Musings from the Ledge: Mr. Stimpy isn’t a liar, but…

By |  May 3, 2022 1 Comments
Photo: Alan Fitzgerald

Photo: Alan Fitzgerald

Each year I take a look back at the previous year and give myself a grade. How well did it go overall? How was the turf? Anything else?

Overall, 2021 was probably a B+/A-. Like every superintendent, we are exceptionally hard critics of ourselves which in turn makes criticism from others harder to take. We beat our heads over: “Did I really miss that,” “Argh! I saw that and forgot about it” or the inevitable “I wish I could, but don’t have the resources.”

That last one is a tough one as we still try to achieve “it” with what we have and it’s also my favorite, as it creates some interesting thought processes and superintendents finding ways around the problem.

Like everyone, staffing was the big one as we went from fine to just barely having enough as the year passed. The grade shifts back and forth on this a bit as we manage to work miracles with a smaller staff so it doesn’t really show — at least in the short term. However, the never-ending equipment supply issue softened the blow as there would have been barely enough people to run everything anyway. It was an A+ for getting it done, but a solid B as the team suffered from the balancing act through the year. B+ overall.

I’ll give another A as I reached my goals for the course and two big personal ones: becoming a Master Greenkeeper and passing my CGCS exam.

Grading turf

How about the turf? Conditions were good besides some tees having damage (largely from only having one old tee mower to get through the year). We battled two tropical systems in a week without an issue and my first experience with a major lightning strike was one that I would like to forget. The team worked miracles, so we barely missed a beat. B+ overall.

Due to the golf schedule, spring aeration was earlier than usual, so recovery was slow, and like a petulant teenager, the slow-wakening-in-spring L93 only magnified the issue. Once the greens were back up to speed all seemed well until the “greens aren’t LedgeRock fast” complaints started.

Stimpmeter says?

However, Mr. Stimpy was saying they were exceeding that metric with readings of 13 to 13.5 feet every day, outside of Philly, in July. Then the conversation changed to, “there’s no roll-out.” That comment made a few light bulbs go off.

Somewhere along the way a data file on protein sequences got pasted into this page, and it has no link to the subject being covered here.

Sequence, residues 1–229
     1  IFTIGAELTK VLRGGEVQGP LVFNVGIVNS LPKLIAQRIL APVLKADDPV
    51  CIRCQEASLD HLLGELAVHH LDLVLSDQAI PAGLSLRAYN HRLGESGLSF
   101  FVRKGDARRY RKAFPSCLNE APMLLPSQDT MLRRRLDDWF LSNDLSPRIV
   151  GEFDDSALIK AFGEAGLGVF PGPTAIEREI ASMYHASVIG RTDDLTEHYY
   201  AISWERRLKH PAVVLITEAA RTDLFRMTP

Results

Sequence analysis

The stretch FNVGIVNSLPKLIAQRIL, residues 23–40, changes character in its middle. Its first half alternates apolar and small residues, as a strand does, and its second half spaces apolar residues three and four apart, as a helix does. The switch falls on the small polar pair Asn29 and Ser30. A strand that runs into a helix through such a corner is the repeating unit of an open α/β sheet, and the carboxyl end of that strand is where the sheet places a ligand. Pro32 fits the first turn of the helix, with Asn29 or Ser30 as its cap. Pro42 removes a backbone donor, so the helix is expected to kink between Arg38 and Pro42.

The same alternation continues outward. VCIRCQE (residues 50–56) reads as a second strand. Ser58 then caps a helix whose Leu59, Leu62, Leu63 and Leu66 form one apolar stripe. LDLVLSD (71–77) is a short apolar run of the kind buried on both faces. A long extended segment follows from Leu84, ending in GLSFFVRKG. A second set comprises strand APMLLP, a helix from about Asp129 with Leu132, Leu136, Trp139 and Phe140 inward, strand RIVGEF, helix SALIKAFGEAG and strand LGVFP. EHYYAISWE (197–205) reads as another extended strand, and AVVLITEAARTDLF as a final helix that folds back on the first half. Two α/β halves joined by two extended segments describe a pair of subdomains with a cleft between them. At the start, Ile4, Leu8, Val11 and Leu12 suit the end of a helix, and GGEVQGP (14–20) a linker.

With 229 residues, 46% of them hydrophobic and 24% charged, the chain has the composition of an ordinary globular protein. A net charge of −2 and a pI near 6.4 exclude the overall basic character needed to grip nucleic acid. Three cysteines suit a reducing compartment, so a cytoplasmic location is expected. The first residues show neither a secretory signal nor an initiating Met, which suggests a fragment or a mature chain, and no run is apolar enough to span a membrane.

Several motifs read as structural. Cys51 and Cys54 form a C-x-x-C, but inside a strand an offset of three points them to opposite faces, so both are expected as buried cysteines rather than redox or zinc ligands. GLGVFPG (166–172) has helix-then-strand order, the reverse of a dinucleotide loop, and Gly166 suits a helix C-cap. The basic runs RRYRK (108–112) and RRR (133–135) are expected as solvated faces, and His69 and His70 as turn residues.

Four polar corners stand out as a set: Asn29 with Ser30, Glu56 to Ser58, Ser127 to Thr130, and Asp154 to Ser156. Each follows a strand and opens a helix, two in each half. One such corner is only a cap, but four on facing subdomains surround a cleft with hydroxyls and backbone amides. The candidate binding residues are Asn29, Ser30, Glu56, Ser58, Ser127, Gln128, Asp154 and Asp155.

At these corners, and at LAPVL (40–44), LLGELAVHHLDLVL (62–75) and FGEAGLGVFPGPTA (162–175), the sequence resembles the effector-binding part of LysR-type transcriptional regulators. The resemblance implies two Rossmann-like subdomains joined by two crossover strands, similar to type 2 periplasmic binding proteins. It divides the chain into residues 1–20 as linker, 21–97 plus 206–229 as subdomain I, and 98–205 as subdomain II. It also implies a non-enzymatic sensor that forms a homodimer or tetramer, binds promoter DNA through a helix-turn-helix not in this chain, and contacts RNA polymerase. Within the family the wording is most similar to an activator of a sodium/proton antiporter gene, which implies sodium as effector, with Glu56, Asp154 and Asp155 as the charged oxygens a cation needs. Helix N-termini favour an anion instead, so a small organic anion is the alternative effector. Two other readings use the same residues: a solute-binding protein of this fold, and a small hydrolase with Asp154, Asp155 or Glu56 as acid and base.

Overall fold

I also sensed this “no roll-out” when I putted but dismissed it since I’m an average putter. More importantly, my buddy Mr. Stimpy was telling me different. The only difference was the height of cut was 0.015 inches higher than usual.

I still haven’t worked out exactly what happened, but you read it here first: The Stimpmeter is not a good way to measure greens speed. After all, speed is distance/time and all that Mr. Stimpy measures is distance. Yes, it works to check consistency from green to green, but that is it. Greens speed doesn’t travel. It’s your distance on your turf and that’s it. Once fall aeration was out of the way (along with those pesky tropical systems) we shaved them back down to normal and the greens speed was 13 to 13.5 feet. I heard, “This is how they should be,” “They’re finally back” and “They’re so much faster now.”

Mr. Stimpy wouldn’t lie, would he? He didn’t. He is just being asked for something he cannot provide. So “roll-out” is my new metric. I’m not yet sure how to actually test it as it has to do with ball resistance on the turf and acceleration and deceleration as it rolls off Mr. Stimpy.

I am no longer going to rely on a three-foot stick. But just like Maverick in Top Gun, I now have a new need for speed, or more accurately, a new way to measure it.

About the Author: Alan FitzGerald

Alan FitzGerald is superintendent at Rehoboth Beach (Del.) CC.

1 Comment on "Musings from the Ledge: Mr. Stimpy isn’t a liar, but…"

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  1. Dave Doherty says:

    Great article young man (With COMMON SENSE). I hope every GCS on this earth reads it.

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